September 1992: The PCW Test Center opens its doors. For the first time, we test PCs, printers, monitors, and other hardware in a consistent manner and within a controlled environment.
June 1994: Under Editor in Chief Phil Lemmons and Editor Cathryn Baskin, PCW redoubles its commitment to consumer journalism. Exhibit A: We publish a report on our first reader survey on the state of PC reliability and service. Winners include AST, Compaq, and NCR; Ambra, Ares, and Comtrade are at the bottom of the barrel.
March 1995: We win three Jesse H. Neal Awards--the "Pulitzers of the business press." They're among the first of dozens of trophies we'll pick up for print and online excellence.
April 1995: Stephen Manes's Full Disclosure debuts. The first installment riffs on the much-hyped, famously bad Microsoft Bob by discussing an imaginary sequel: Microsoft Sex.
June 1995: We add to our burgeoning online efforts, which include presences on AOL and CompuServe, with an "Internet site" called PCWorld.com.
August 1995: Microsoft releases Windows 95; we respond with a cornucopia of coverage in our September issue, including a review by Senior Editor Steve Fox, later to become PCW's editor. It becomes our best-selling issue ever.
November 1995: In an episode of The Simpsons called "Sideshow Bob's Last Gleaming," Channel 6 anchorman Kent Brockman resigns on air and announces he'll be writing a column for PC World. We revel in the moment of pop-culture glory.
March 1996: After 15 months of work, our Test Center rolls out PC WorldBench, a Windows 95 speed benchmark. We still run its descendant, WorldBench 6, on every system we test.
April 1998: We publish "PC Repair Rip-Off!"--an investigative report revealing shoddy service at CompUSA. In an odd coincidence, the chain stops selling PCW. (It later reverses that decision.)
August 2000: Once again we conduct an investigation into repair practices at PC retailers, and once again the results are disturbing. This time we collaborate with Dateline NBC, which airs a segment based on our findings.
October 2000: Editorial Director Kevin McKean and Creative Director Robert Kanes introduce a redesign of PCWorld.com that's by far the most ambitious, popular version yet. It is also the first one produced by a unified editorial team that is responsible for content in both print and online forms.
October 2002: Our cover for "How to Fix the Biggest PC Annoyances," a Steve Bass how-to extravaganza, shows a man trashing his PC. In an era of rampant Windows glitches and security hassles, the image resonates: The issue becomes one of our all-time bestsellers.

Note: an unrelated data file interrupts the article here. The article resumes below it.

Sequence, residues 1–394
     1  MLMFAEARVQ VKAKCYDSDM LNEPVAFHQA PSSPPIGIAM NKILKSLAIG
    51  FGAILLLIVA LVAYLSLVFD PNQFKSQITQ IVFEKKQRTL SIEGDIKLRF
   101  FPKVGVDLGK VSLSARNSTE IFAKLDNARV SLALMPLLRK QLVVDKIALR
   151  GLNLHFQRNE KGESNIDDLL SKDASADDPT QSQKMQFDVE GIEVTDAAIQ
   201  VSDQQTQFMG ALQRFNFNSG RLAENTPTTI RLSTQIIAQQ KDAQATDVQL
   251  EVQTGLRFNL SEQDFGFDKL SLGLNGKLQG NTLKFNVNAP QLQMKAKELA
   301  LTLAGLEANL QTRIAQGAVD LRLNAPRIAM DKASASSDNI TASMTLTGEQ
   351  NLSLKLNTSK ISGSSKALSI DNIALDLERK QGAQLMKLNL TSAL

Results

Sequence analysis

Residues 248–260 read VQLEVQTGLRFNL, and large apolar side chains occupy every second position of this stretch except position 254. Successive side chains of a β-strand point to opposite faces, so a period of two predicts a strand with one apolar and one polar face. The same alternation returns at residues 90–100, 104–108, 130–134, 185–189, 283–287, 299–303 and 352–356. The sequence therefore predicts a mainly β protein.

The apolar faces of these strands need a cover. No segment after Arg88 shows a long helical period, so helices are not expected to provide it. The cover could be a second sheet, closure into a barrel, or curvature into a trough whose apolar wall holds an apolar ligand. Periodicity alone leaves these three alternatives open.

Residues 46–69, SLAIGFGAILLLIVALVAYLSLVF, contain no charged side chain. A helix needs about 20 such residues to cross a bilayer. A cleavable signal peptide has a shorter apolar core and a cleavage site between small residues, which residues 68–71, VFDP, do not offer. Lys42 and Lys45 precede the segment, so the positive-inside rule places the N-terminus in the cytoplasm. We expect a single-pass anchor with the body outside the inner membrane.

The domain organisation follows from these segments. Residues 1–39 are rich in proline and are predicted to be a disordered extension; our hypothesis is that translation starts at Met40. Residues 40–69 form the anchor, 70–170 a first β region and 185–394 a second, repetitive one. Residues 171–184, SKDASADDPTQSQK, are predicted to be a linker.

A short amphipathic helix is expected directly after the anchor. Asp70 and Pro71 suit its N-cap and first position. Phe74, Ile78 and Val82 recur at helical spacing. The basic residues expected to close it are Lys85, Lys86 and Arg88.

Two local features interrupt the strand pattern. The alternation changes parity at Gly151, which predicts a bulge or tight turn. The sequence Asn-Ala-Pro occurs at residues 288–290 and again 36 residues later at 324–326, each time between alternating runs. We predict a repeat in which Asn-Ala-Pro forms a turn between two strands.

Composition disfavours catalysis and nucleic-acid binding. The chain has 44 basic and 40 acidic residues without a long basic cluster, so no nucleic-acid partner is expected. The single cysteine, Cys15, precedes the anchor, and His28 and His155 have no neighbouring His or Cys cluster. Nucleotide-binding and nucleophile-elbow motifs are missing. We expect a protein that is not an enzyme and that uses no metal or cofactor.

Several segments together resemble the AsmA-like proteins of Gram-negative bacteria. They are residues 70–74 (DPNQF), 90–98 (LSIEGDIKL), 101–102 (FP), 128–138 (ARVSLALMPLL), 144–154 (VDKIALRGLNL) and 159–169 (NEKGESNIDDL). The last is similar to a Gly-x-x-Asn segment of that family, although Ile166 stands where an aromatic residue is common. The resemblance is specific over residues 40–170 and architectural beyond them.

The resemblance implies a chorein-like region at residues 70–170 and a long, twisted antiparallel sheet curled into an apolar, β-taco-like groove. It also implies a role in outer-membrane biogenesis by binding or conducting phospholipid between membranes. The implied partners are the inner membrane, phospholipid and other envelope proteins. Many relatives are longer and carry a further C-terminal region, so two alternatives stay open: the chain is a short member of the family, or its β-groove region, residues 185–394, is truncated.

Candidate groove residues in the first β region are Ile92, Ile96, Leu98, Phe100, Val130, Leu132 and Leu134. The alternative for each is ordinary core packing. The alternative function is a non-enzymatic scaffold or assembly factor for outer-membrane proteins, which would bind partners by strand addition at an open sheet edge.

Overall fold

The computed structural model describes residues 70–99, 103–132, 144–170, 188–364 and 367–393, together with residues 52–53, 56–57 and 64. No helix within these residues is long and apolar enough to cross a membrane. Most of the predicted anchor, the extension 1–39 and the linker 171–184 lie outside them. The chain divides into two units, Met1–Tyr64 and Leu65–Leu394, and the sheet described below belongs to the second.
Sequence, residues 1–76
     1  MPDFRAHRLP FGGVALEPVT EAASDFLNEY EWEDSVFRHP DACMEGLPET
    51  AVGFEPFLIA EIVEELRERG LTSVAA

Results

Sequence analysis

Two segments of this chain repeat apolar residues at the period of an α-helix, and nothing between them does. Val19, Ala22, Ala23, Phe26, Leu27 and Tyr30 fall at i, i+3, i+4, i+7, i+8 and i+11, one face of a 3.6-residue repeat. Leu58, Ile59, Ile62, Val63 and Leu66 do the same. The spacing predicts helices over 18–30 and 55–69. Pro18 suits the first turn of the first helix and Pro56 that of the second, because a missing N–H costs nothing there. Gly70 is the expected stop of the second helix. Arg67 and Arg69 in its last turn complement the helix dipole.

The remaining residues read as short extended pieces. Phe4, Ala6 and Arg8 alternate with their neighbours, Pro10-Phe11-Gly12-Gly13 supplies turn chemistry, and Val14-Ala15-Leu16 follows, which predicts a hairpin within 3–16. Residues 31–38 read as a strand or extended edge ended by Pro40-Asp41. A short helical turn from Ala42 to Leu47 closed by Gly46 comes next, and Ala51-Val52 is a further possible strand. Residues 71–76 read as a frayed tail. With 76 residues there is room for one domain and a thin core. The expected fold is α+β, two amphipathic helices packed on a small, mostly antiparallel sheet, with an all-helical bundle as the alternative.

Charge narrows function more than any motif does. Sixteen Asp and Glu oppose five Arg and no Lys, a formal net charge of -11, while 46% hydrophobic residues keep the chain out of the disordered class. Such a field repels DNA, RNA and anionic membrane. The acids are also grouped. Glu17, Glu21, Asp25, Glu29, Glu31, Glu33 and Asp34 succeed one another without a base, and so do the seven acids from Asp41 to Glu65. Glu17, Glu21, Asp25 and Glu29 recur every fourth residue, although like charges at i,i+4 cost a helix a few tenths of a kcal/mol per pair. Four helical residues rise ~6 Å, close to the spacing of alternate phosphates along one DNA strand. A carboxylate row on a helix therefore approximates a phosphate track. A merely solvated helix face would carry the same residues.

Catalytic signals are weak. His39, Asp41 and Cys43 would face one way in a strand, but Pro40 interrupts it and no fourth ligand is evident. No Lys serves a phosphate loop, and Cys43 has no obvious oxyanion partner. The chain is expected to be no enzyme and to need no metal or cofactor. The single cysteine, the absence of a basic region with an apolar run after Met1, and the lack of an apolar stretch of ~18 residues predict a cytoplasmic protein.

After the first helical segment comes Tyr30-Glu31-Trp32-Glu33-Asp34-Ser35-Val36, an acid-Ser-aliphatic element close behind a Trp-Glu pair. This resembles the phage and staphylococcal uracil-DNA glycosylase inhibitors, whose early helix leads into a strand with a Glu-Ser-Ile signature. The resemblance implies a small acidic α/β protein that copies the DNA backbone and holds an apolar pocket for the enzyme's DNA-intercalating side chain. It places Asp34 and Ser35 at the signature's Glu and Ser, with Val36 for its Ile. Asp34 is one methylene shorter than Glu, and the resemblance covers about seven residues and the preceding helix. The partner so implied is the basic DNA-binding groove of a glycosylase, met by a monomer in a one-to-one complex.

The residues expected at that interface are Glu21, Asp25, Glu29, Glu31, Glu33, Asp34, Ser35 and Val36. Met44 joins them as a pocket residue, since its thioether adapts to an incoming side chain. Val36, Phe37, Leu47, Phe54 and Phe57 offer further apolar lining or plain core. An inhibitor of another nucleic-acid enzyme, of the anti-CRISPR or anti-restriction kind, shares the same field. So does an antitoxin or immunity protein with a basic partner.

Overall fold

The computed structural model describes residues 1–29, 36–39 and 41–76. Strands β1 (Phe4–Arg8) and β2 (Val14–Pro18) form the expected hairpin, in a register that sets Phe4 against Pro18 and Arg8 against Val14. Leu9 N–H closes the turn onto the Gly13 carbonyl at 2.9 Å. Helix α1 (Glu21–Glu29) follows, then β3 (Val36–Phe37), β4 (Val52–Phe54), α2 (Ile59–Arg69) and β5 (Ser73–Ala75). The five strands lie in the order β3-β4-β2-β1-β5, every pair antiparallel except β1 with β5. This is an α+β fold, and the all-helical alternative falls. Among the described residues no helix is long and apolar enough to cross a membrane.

December 2003: We notice that high-definition television is a lot like the PC once was: an appealing big-ticket tech product that involves lots of unfamiliar buzzwords. So we publish a big-screen buying guide. Soon, HDTV is among the most popular topics we cover.
July 2006: Twenty-three years after our first international expansion, PC World is still entering new markets. With the launch of PC World India, we're in 69 countries.
August 2006: We unveil a major redesign of PCWorld.com that introduces user reviews, forums, and other features designed to let the millions of people who use our site share their expertise and opinions.
June 2007: Our coverage of the launch of Apple's iPhone includes a stress-test video in which Senior Associate Editor Eric Butterfield first tries to scratch the phone's case with keys and then hurls it onto the pavement outside our office. The iPhone survives. And the iPhone-abuse video receives gazillions of views.
August 2007: Our journalistic peers flatter us with the American Society of Business Publication Editors' award as Web Site of the Year. In addition, it is just one of several major prizes that we took home last year; others include Folio and Eddie awards as best consumer computer magazine.
"The truth is, we had quite an adventure getting here," said PCW founder Bunnell in our first issue. "It's been much more than a rocket ride." In the same pages, founding editor Fluegelman wrote that "we have a worthy ship and a dedicated crew, and we hope you will join us in our explorations."
For all that's changed about PCs and PCW, those sentiments ring as true in 2008 as they did in 1983. For 25 years, our mission of providing unbiased, authoritative coverage of the ever-changing world of technology has made every day an adventure. We look forward to continuing it for a long time to come--and we hope that you'll be along for the ride.